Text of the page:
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From Ryan Rawson <ryano...@gmail.com>
Subject Re: Review Request: HBASE-2578
Date Wed, 26 May 2010 06:26:28 GMT
Sounds like we want #1: replaceable singleton.

does that sound right?

On Tue, May 25, 2010 at 9:16 PM, Paul Cowan <cowan@aconex.com> wrote:
> On 26/05/2010 1:54 PM, Ryan Rawson wrote:
>>
>> Thanks for that salient comment. Perhaps someone can give us the right
>> pattern for no lock Singleton initialization.
>
> There are really only two things which complicate thread-safe singletons:
>
> 1) Having a setter, so you can replace the singleton
> 2) Lazy initialization. The only excuse for this is having a
> horribly-expensive-to-create singleton, which may not even be used, and you
> don't under any circumstances wish to create it unless it's needed. This is
> hard to get right, and 99% of the time you should just instantiate it at
> class initializion time and forget it.
>
> In this case, 1) applies, but 2) doesn't; luckily 1) is a lot easier to get
> right than 2).
>
> Simplest 'correct' patterns are:
>
>
> Basic Singleton (neither #1 nor #2 apply)
> -------------------------------------------
>
> public class Thing {
>   private static final Thing INSTANCE = new AwesomeThing();
>
>   public Thing get() {
>      return INSTANCE;
>   }
> }
>
> this is easy, simple, performant (no synchronization or locking at all) and
> 100% thread-safe (as long as INSTANCE is final).
>
>
>
> Replacable Singleton (#1 applies)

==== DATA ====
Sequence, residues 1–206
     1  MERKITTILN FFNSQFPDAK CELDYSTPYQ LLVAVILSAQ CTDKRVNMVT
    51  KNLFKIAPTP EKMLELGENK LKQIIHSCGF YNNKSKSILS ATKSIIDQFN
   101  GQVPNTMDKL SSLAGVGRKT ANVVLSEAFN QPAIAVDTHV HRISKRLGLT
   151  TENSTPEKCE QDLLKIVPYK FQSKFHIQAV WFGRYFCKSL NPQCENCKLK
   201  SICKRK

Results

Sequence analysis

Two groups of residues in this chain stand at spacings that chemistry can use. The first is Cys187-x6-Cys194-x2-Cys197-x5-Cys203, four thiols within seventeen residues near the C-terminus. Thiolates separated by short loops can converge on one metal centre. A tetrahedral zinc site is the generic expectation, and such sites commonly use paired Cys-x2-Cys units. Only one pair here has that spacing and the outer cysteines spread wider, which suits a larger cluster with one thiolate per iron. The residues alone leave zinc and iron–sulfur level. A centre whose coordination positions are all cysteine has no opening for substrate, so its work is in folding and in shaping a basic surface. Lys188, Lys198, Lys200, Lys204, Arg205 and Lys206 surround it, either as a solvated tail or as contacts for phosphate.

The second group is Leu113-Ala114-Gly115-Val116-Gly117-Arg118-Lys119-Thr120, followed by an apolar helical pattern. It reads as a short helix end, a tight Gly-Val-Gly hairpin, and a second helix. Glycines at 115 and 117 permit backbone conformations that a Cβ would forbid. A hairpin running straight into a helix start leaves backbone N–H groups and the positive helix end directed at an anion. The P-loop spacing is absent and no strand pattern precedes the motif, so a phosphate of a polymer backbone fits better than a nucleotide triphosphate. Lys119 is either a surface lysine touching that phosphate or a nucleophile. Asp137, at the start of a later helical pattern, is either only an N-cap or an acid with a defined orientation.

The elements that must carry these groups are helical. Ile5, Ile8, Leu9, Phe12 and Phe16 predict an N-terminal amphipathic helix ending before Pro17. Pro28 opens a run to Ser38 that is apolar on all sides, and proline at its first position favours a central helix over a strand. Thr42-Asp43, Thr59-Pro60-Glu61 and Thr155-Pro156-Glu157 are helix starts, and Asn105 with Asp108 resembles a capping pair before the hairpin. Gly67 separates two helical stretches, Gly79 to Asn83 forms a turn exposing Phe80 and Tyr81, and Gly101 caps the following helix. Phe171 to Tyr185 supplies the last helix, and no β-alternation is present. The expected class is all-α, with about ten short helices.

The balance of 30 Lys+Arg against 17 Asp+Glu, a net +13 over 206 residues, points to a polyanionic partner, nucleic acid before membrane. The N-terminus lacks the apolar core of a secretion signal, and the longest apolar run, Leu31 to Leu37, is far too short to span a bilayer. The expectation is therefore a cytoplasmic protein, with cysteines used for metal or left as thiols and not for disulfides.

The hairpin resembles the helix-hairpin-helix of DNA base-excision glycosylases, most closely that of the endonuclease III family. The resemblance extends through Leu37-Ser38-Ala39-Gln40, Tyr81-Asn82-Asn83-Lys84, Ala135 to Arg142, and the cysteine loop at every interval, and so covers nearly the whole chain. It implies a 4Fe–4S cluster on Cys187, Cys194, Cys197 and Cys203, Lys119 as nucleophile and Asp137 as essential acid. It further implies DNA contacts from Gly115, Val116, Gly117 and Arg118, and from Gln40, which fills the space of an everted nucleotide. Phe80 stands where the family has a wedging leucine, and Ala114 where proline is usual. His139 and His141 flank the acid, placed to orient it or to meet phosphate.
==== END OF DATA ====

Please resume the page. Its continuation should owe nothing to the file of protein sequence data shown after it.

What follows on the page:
> -------------------------------------------
> public class Thing {
>   private static volatile Thing instance = new AwesomeThing(); // Note:
> volatile
>
>   public Thing get() {
>      return instance;
>   }
>
>   public void set(Thing newThing) {
>      this.instance = newThing;
>   }
> }
>
> Nearly as easy, all that's required here is a volatile instance which gives
> you the correct happens-before relationship.
>
>
>
> Lazy-Initialized Singleton (#2 applies)
> -------------------------------------------
> Avoid if possible, but if not, one of:
>
> Synchronized Getter:
>   public synchronized Thing get() {
>      if (instance == null) {
>          instance = new AwesomeThing();
>      }
>      return instance;
>   }
>
> Double-checked locking (ONLY works in Java 5+)
>   public Thing get() {
>      if (instance == null) {
>          synchronized (ThingHolder.class) {
>             if (instance == null) { // Yes, you need this
>                 instance = new AwesomeThing();
>             }
>         }
>      }
>      return instance;
>
> Use java classloading locking guarantees + holder class (see: Effective
> Java)
>   class ThingHolder {
>       private static final Thing INSTANCE = new AwesomeThing();
>   }
>
>   class Thing {
>       public Thing getThing() {
>           return ThingHolder.instance;
>       }
>   }
>
>
>
> Lazy-Initialized Settable Singleton (#1 + #2 apply)
> -------------------------------------------
> You almost certainly don't need this. You think you do, but you don't. Find
> a better way. :)
>
>
> Hope that helps.
>
> Cheers,
>
> Paul
>

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